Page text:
Underground banking systems are financial networks that operate outside of normal banking channels to transfer money internationally, avoiding the fees and regulations of conventional banks. Typically used for immigrant workers' transfer of money back to their countries of origin, it can also be used for illegal activities.
Informal funds transfer systems come in a variety of constructs. Some are very old, such as hawalas, which has its origins in the middle ages and pre-dates conventional banks. The informal network of money lenders and businessmen rely on reputations instead of formal contracts. Money is transferred by giving it to one hawala, along with transaction fee, which is generally much less than credit cards or banks charge. In return, the customer is given a code that they can supply the recipient, who takes it to his hawala to receive payment. The money never actually moves but is instead paid through future business deals that generally recoup money by overcharging on invoices.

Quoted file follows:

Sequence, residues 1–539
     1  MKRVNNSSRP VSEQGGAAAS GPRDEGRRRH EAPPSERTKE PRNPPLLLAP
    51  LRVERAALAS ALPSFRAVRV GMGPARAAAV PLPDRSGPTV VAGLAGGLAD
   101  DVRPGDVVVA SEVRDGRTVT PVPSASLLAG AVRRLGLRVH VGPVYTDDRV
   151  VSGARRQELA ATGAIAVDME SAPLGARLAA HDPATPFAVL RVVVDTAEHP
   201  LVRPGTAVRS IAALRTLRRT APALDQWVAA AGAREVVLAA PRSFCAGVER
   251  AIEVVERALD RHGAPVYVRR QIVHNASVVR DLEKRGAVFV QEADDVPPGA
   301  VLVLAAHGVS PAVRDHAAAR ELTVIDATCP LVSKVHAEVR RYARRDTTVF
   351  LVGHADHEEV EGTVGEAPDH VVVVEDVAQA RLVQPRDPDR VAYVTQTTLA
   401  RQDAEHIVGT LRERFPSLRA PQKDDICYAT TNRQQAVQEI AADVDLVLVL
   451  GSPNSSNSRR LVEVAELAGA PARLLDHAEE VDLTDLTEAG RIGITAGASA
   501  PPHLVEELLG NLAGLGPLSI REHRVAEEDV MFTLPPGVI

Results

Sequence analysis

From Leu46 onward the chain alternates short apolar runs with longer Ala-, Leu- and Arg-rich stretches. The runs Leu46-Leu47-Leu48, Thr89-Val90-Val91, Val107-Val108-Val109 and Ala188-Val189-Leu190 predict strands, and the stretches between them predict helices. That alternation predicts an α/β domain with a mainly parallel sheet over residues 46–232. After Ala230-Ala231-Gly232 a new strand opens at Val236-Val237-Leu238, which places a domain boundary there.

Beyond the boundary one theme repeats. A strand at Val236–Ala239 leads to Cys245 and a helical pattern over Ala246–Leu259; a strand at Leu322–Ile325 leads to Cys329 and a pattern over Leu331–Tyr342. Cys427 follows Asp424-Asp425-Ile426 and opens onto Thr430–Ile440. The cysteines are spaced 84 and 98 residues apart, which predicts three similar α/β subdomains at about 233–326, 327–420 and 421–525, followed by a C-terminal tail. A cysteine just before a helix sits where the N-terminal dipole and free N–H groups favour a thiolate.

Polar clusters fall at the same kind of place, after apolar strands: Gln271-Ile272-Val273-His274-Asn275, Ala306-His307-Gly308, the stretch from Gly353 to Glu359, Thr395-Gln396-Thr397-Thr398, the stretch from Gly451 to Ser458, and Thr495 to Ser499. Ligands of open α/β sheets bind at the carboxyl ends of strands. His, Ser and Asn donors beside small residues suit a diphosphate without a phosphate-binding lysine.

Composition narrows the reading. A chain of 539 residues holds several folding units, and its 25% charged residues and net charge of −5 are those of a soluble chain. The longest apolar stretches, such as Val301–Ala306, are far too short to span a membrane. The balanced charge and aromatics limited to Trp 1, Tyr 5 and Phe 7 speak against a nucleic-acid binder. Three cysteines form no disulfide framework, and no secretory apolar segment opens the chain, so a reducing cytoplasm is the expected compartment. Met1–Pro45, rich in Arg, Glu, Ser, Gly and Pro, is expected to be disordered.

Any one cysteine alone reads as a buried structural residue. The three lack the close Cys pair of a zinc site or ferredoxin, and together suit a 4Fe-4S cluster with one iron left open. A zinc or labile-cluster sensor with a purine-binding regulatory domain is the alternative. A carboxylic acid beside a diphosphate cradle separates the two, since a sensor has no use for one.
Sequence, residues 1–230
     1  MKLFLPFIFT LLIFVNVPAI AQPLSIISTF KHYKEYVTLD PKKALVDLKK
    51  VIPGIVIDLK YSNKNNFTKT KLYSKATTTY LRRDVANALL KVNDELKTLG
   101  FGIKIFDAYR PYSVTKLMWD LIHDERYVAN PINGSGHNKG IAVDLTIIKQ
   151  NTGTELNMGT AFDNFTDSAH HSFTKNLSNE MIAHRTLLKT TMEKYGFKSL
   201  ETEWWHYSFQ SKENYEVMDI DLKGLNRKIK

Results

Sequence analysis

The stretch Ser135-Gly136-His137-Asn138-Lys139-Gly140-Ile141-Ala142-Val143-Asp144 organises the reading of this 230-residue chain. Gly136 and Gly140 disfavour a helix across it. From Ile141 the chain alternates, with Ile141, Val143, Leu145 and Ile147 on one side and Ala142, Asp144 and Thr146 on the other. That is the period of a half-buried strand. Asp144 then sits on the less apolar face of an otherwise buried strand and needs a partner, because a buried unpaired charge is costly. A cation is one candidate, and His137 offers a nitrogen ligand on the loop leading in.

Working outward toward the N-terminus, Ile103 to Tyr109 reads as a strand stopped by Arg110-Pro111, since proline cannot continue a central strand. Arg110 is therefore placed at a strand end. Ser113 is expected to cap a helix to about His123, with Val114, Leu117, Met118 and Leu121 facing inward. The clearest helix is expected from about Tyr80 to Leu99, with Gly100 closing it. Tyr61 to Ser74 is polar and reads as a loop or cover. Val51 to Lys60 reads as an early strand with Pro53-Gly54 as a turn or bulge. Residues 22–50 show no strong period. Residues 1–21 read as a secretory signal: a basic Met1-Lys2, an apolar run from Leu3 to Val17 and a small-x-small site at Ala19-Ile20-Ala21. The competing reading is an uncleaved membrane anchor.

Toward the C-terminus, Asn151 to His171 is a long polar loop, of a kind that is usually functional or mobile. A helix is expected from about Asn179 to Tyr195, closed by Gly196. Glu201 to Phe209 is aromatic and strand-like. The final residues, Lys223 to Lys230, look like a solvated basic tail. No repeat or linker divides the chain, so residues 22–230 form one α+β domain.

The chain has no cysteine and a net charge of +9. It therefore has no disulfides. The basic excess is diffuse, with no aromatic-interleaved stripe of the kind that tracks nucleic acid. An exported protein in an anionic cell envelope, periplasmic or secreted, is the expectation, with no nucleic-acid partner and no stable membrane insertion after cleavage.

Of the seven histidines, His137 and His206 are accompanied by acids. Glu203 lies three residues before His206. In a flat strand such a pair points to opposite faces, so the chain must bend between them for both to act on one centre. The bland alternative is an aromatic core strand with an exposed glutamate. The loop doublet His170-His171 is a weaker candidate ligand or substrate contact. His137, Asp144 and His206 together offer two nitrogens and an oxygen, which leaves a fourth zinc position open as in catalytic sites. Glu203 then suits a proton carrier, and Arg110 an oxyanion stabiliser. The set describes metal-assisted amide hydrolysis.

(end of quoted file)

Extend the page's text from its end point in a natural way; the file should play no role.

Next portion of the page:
A modern example of an underground bank is Bitcoin, which is a virtual currency that also avoids conventional bank overhead and fees by not needing them to complete commercial transactions. Bitcoin uses open-source code on peer-to-peer networks to keep a ledger of ownership of every Bitcoin. That ledger is updated constantly world wide to keep a permanent record of every transaction.